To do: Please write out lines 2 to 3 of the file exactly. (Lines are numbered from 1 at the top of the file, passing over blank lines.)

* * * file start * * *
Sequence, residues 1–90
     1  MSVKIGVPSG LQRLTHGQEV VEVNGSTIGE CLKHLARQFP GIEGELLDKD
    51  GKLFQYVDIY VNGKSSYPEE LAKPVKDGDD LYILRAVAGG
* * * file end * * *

     1  MSVKIGVPSG LQRLTHGQEV VEVNGSTIGE CLKHLARQFP GIEGELLDKD
    51  GKLFQYVDIY VNGKSSYPEE LAKPVKDGDD LYILRAVAGG